Wednesday, 20 August 2008

Welcome to my revised and renewed website. I hope you find it useful. For you to be reading this you must have an interest in the native bees of Australia. I hope I can, in some small way, advance the cause of these bees, whichever bee they may bee.

My emphasis will be on the stingless bees, the source of sugarbag honey, and part of the traditions of our indigenous peoples for countless generations. As a group, related species have existed around the warm regions of the world for many millions of years. The oldest fossil record from amber comes from the Cretaceous perion, 96-74 million years before the present. This fossil was a worker of Trigona prisca, so the social structure of the hive had developed by this time. They are survivors and evolved to fit many ecological niches around the tropics.

In many countries they have been used for centuries as food, in medicine and religious practices. In Australia, our indigenous people have a high regard for their value as food, and have many traditional uses of hive components. Since they were first encountered after European settlement, they have been regarded of scientific interest to identify, to classify the species, a work still very much in progress. No doubt early settlers realized the value of their sweet stores of honey as they cleared the land for the first time, but when honeybees were introduced to Australia in the 1820’s, the high productivity of this introduced species in a bountiful forested land, relegated the stingless bees to an interesting curiosity. In the 19th century, the term ‘sugar bag’ appeared and has come into general use by aborigines and Europeans alike. Should anyone have information on the origin of this term, and how it came to be applied to the stingless bees, I would very much appreciate hearing from you. Somewhere in the oral or written history of this country must be that information. The stingless bees have attracted the interest of European enthusiasts, and Harold Hockings, for one, reports from the late 19th century of keeping these bees in boxes, of fighting swarms, and subtle differences between species. One of our Trigona species, Trigona hockingsi was named to recognize his work on stingless bees. That tradition of enthusiasts in observing, collecting, keeping and experimenting with colonies has continued to this day in Australia.

I intend to put some of my collection of photographs of bees on this site, and a collection of articles giving downloadable information on various aspects of the stingless bees and other bees.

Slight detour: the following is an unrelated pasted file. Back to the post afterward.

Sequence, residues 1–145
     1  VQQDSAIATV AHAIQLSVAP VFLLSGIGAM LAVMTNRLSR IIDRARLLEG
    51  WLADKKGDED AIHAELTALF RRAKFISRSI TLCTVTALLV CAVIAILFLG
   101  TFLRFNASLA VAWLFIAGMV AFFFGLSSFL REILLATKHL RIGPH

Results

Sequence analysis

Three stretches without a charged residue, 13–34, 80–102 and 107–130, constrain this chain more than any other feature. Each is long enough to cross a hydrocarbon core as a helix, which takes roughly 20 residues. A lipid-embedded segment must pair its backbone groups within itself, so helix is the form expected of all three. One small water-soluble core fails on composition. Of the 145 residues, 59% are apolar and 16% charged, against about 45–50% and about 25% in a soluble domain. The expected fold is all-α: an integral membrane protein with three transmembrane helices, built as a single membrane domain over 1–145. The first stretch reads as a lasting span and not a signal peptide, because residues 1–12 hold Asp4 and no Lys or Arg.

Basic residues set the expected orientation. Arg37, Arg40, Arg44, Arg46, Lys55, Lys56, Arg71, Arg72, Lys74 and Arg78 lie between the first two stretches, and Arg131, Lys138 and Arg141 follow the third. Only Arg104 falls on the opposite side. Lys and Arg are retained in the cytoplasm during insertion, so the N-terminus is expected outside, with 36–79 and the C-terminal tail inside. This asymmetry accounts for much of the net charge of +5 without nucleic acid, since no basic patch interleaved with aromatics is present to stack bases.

I have aimed especially to make this material useful to those likely to come across these stingless bees in their work of removing or working with trees, in the hope that in some way the information will help the survival of the compromised colonies. I have many areas of interest as well as the photography, notable researching hive conditions and how logs and various box designs meet those conditions, as well as meeting the management requirements of the meliponist. Resin collection , resin sources and identification of the various species are a very difficult extra field of interest, and progressively information on these will be added to the site.

There is a section of downloadable files so that the reader can download and print the documents. These news updates will highlight topical issues as they occur.

The nearly 2000 other species of bees in Australia will get coverage especially in the photography, and perhaps even some of my overseas experiences. The blue banded bees are the first in this category because of their habit of forming nesting aggregations under Queenslander houses and the concerns that arise form that interaction with people.

It is my intention to write these articles based on my own experience, referring to others where relevant, and inevitably they will reflect my own opinion based on that experience and interpretation. I am always happy to receive input from others who may have more to add, or may have a different experience. There is a contact form on the site to facilitate this.

Thanks for coming to the site. I hope you find sufficient here to keep coming back and contributing if you wish. The native bees of Australia, evolving in a rapidly changing world, will thank you for your interest and concern

Bob the Beeman